I just received word that the genetic ancestry testing company Geogene has gone out of business. From the website:
1 OCTOBER 2008: We are very sorry to announce that, due to ongoing technical issues and increasing competition from National Geographic’s similar ‘Genographic Project’, GeoGene is unable to continue trading. If you are interested in finding out about your genetic ancestry, we recommend you use National Genographic’s service instead.
According to Carlson, her mother was born to Lucille Ball in 1947 and was then put up for adoption “because her very existence would have interfered with Ball’s career.” Among her evidence, Carlson cites a 1946 newspaper clipping which described Ball as pregnant as well as her mother Madeline Jane Dee’s memories of a red-headed woman named “Mrs. Morton” bringing her to the playground as a child (Ball’s second married was to a Gary Morton). Unfortunately, Ms. Dee died just a few years ago.
Global in scope, Faces of America will look beyond the black experience to explore American identity with guests who are Asian, Hispanic, Irish, Italian, Jewish, Syrian, West Indian, and Native American. Joining Professor Gates in this new series are poet Elizabeth Alexander, who composed and read the poem at President Barack Obama’s inauguration, chef Mario Batali, comedian and television personality Stephen Colbert, writer Junot Diaz, writer Louise Erdrich, writer Malcolm Gladwell, actress Eva Longoria, cellist Yo Yo Ma, writer and director Mike Nichols, former monarch of Jordan Queen Noor, actress Meryl Streep, and Olympic gold medalist and figure skater Kristi Yamaguchi.
Ancestry.com DNA offers a Y-DNA and mtDNA haplogroup predictor – the Ancient Ancestry Finder – based primarily on location of your most distant known paternal or maternal ancestor. From the site:
To give everyone a sampling of these results, with Finder™ we’ve built a simple experience that takes a best guess at describing your ancient ancestors. You answer 2 or 3 questions with the most basic info about your family (facts almost everyone knows). And then we provide a few options for likely ancient ancestral groups, along with descriptions of those groups…The spirit of Finder™ is a bit different from what you may have experienced on our site. It’s part of our effort to introduce ancestry and genealogy to a wider audience.
This is a little off-topic for The Genetic Genealogist, but I thought I would share this paper which I wrote for a Genetics & Ethics class this spring. The paper examines all the biological and behavioral limitations on the ability of humans to create so-called “designer babies” solely from selecting embryos before in vitro fertilization. Although many are worried about the impact of being able to choose which embryo to implant, the paper argues that the impact is significantly limited by a number of factors.
Note that this paper does NOT factor in the potential for creating designer babies by changing an embryo’s DNA; that’s a whole different can of worms!
The mtDNA of Otzi, the Iceman discovered in the Alps, was recently re-analyzed. The results suggest that the previous mtDNA sequence was contaminated by a modern mtDNA source, and that the mtDNA belongs to a previously unidentified subclade of Haplogroup K1. For more information, see Dienekes’ Anthropology Blog.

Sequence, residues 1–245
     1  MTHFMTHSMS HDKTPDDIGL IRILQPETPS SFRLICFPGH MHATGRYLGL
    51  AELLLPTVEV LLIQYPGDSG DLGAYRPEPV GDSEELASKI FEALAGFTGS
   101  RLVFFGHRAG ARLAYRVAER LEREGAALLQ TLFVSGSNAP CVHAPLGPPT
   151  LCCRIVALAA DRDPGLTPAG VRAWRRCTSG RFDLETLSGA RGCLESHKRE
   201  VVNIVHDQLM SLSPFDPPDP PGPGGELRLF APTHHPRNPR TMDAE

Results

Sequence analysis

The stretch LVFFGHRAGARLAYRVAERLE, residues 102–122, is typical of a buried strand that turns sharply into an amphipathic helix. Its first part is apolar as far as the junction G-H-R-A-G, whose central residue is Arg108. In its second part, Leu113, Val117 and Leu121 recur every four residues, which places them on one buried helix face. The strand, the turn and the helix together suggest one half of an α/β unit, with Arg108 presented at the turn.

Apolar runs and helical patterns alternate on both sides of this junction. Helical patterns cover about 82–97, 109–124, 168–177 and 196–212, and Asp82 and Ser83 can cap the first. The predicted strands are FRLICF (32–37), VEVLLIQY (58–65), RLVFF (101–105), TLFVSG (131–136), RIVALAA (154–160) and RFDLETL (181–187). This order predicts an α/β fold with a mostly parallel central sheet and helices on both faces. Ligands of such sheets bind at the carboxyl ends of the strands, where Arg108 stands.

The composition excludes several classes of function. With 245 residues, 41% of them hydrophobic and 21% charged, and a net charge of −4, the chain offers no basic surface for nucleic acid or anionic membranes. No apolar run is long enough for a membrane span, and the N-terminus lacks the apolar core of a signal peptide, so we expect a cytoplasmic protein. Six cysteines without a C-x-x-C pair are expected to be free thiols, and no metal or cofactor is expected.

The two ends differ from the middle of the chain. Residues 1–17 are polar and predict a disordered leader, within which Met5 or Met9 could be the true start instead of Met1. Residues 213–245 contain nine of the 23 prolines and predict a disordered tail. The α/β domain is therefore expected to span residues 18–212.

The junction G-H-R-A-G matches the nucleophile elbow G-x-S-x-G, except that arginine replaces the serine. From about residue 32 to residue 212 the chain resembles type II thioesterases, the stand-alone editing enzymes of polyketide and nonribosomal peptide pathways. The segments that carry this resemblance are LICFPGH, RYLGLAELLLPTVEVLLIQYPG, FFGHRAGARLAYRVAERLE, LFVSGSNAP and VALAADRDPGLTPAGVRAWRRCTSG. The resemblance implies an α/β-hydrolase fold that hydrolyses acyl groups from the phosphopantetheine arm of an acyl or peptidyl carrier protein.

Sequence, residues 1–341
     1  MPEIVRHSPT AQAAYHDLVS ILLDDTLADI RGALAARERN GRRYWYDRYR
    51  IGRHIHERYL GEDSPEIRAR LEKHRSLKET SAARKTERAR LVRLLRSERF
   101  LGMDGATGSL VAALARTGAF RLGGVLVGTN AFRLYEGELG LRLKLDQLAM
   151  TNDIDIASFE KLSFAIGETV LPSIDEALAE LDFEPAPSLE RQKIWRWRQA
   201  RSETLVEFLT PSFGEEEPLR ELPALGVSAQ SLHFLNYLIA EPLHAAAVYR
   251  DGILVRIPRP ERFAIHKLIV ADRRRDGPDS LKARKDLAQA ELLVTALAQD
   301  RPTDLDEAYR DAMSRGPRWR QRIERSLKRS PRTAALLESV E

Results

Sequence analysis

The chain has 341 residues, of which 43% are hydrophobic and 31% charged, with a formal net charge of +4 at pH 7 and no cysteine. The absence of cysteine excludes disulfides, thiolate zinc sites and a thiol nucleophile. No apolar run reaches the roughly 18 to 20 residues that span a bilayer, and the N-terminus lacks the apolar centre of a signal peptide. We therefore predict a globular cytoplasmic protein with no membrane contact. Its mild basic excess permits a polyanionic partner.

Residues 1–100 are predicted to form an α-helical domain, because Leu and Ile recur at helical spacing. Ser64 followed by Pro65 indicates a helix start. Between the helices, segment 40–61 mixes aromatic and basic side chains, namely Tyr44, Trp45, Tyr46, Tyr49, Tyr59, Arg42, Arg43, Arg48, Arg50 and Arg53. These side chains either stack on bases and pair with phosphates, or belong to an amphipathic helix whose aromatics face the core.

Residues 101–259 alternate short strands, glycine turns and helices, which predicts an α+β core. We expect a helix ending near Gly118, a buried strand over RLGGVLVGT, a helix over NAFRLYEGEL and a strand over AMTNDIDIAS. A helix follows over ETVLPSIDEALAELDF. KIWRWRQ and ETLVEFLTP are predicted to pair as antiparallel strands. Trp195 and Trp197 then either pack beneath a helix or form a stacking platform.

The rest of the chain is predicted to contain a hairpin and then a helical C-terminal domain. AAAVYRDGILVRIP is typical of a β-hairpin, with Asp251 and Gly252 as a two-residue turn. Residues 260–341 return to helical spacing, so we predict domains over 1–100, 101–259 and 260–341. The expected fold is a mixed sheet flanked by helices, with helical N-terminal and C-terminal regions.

TruGenetics is a genomics company offering at least 10,000 free SNP scans to those who register at their website. Unlike most other personal genomics companies, TruGenetics users complete a survey to create a “personalized risk assessment survey.” Not surprisingly, the tests are currently not available to New York residents:
New York residents: We are currently working with your state authorities to receive permission to operate in New York. We cannot take your information at this time.
There is much more information at genomeboy.com and Genetic Future, including insight into TruGenetic’s business model. If you are considering this service, be sure to read and completely understand all the terms & conditions, as well as ALL potential outcomes. You can also follow twitterer “achamedian” to learn more.
One interesting quote from the article: “Of the half a million Americans who have purchased DNA tests, around 35,000 of them are African American.” Interesting article, although I at a complete loss for where the “35,000” number was obtained.
The article also includes some criticism from Deborah Bolnick of African Ancestry‘s interpretation of their genetic genealogy tests.
This is a video of a recent episode of Charlie Rose regarding personal genomics. The show includes prominent members of the field, including George Church, Linda Avey, Anne Wojcicki, and Steven Pinker, among others.
A quick digest of some of the most interesting news and developments in the field:
10 Great Blogs for Genetic Genealogists
I made this list of 10 Great Blogs for blogs.com a few months ago.Â It contains 10 blogs that I believe are vital reading for anyone interested in personal genomics, including genetic genealogy.Â Here are my picks, but check out the link for my description of each blog:
In addition to the articles published in the Journal of Genetic Genealogy (the Spring 2009 issue was just released), genetic genealogists have often assisted researchers publishing studies in other journals.Â This reinforces my suggestion to researchers that they interact with the genetic genealogy community to facilitate research.Â For instance, here is a quote from a new article in PLoS ONE examining the Y-DNA Haplogroup G: